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The Mix Consultancy: Creating Space in a Mix

Grammy Award-winning engineer and producer Dom Morley kicks off his new quarterly column sharing insights about how to create more space in your mix.

Dom Morley
Dom Morley is a Grammy Award winning engineer and producer. Over a 20-year career, he has worked with many artists, including Adele, Sting and Amy Winehouse, and producers including Phil Spector, Mark Ronson and Tony Visconti. Morley can be reached at

One of the biggest challenges when mixing is making your track sound spacious and open, especially when there’s a lot going on, but there are some fairly simple steps you can take that will help you achieve just that. I’ll break it down into five areas: filters, EQ, panning, reverb and compression.


First and foremost, filtering. I use filters on almost every element in a mix. For example, I really only want to have the kick drum and the main bass sound occupying the bass frequencies of my mix, so everything else needs a filter on it. Even if a sound is only really audible in the upper mids, it’s highly likely that there’s some low-level bass in there that needs to be filtered out. Otherwise you end up with a couple dozen elements with “hardly any” bass frequencies in them, and then the clarity and punch you originally had in your kick and bass get lost in a cloud of subtle rumbling.

This practice applies to the top end as well. If you’re introducing an element to your mix that doesn’t need brightness, or “air,” on it, then apply a lowpass filter to that element and reserve the high-frequency space for the instruments that need to shine there.


I know filters are all part of your EQ plug-in, but I think it’s good to talk about them separately, even if only to stress the importance of filtering!

When introducing a new element to your mix, your first thought should be, “What does this clash with?” This isn’t a musical question but an EQ one. You’re listening to the new element and trying to hear which frequencies now sound crowded or muddy because of this addition.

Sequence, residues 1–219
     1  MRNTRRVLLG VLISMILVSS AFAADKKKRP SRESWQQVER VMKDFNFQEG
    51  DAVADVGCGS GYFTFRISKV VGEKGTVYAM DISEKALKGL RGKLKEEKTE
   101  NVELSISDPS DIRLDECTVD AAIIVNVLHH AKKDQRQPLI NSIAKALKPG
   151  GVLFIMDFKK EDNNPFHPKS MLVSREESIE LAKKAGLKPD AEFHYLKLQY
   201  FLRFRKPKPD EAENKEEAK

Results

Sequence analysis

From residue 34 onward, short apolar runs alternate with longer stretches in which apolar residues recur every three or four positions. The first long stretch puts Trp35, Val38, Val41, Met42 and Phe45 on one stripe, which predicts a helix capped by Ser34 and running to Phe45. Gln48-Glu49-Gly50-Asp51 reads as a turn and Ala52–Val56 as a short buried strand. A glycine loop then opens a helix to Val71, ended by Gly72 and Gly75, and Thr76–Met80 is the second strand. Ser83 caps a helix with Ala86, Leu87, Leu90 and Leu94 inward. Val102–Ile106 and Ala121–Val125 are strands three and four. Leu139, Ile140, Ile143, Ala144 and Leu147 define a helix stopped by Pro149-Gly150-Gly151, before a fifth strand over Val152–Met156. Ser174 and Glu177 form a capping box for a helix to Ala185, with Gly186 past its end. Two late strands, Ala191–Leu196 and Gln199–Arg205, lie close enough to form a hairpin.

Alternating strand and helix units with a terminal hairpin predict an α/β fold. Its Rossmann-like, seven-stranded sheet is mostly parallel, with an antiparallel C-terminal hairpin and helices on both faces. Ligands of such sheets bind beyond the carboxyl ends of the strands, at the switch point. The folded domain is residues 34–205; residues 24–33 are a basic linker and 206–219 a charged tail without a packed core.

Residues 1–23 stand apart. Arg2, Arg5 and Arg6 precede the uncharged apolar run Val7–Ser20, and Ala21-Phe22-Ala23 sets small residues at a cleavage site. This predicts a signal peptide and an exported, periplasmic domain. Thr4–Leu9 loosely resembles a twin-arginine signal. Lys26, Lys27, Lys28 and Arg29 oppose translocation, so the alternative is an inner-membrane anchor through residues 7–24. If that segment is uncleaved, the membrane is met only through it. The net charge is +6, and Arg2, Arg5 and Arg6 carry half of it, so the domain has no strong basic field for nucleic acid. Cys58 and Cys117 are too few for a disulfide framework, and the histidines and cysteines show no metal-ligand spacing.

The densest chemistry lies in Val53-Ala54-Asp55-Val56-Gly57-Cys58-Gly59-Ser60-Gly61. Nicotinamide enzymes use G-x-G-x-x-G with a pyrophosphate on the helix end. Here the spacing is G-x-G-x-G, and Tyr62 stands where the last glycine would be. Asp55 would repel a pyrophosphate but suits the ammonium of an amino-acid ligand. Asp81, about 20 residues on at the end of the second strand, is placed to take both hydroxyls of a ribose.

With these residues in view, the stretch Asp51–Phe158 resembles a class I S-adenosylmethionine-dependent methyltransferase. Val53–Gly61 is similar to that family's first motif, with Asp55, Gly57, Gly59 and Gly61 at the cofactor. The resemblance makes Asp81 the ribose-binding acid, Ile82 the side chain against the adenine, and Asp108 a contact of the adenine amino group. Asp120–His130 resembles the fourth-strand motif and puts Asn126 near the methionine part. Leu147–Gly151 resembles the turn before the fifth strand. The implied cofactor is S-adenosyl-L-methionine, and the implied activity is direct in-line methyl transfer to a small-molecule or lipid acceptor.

Let’s say, for example, I have drums, bass and piano in my mix, all sounding great, and then I add an electric guitar. I know I don’t want any bass frequencies in the guitar, so I filter up to around 200 Hz (because I’ve read point 1 of this article and that’s what I do now).

Next I listen for what sounds cluttered. Doing a bit of an EQ sweep, I think the guitar and piano are both quite present at 500 Hz. To clear this up, I’m going to EQ a dip into the new guitar at 500 Hz, which lets the piano sit in that frequency. In this example, we’ll assume there are no other clashes, so the mix is sounding good now. However, you can go deeper than that.

Ask yourself if there’s anything more than can be taken out without compromising the sound. Try pushing your filter a bit higher—does it still sound good? If so, great; you’ve just created more space without losing quality. Now EQ a dip into where the vocal will be sitting; preemptively make some space for that. And try filtering off some top end. Does that work as well? How far can you go with reductive EQ until it stops sounding good? Limit each element to the frequencies they need to sound good and nothing more, and you’ll find you have a lot more space and clarity than you had before.

Related: The Psychology of Mixing, by Dom Morley, July 31, 2019